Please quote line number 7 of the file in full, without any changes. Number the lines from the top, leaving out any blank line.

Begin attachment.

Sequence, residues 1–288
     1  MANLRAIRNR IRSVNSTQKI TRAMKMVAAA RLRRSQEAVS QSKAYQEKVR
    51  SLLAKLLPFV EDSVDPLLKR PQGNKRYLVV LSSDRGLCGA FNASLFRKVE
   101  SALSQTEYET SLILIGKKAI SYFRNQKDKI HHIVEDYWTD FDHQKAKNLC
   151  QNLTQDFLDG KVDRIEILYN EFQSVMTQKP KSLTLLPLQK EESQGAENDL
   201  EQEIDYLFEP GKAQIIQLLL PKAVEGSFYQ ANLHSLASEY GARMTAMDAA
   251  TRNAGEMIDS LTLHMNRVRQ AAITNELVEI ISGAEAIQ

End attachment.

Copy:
   251  TRNAGEMIDS LTLHMNRVRQ AAITNELVEI ISGAEAIQ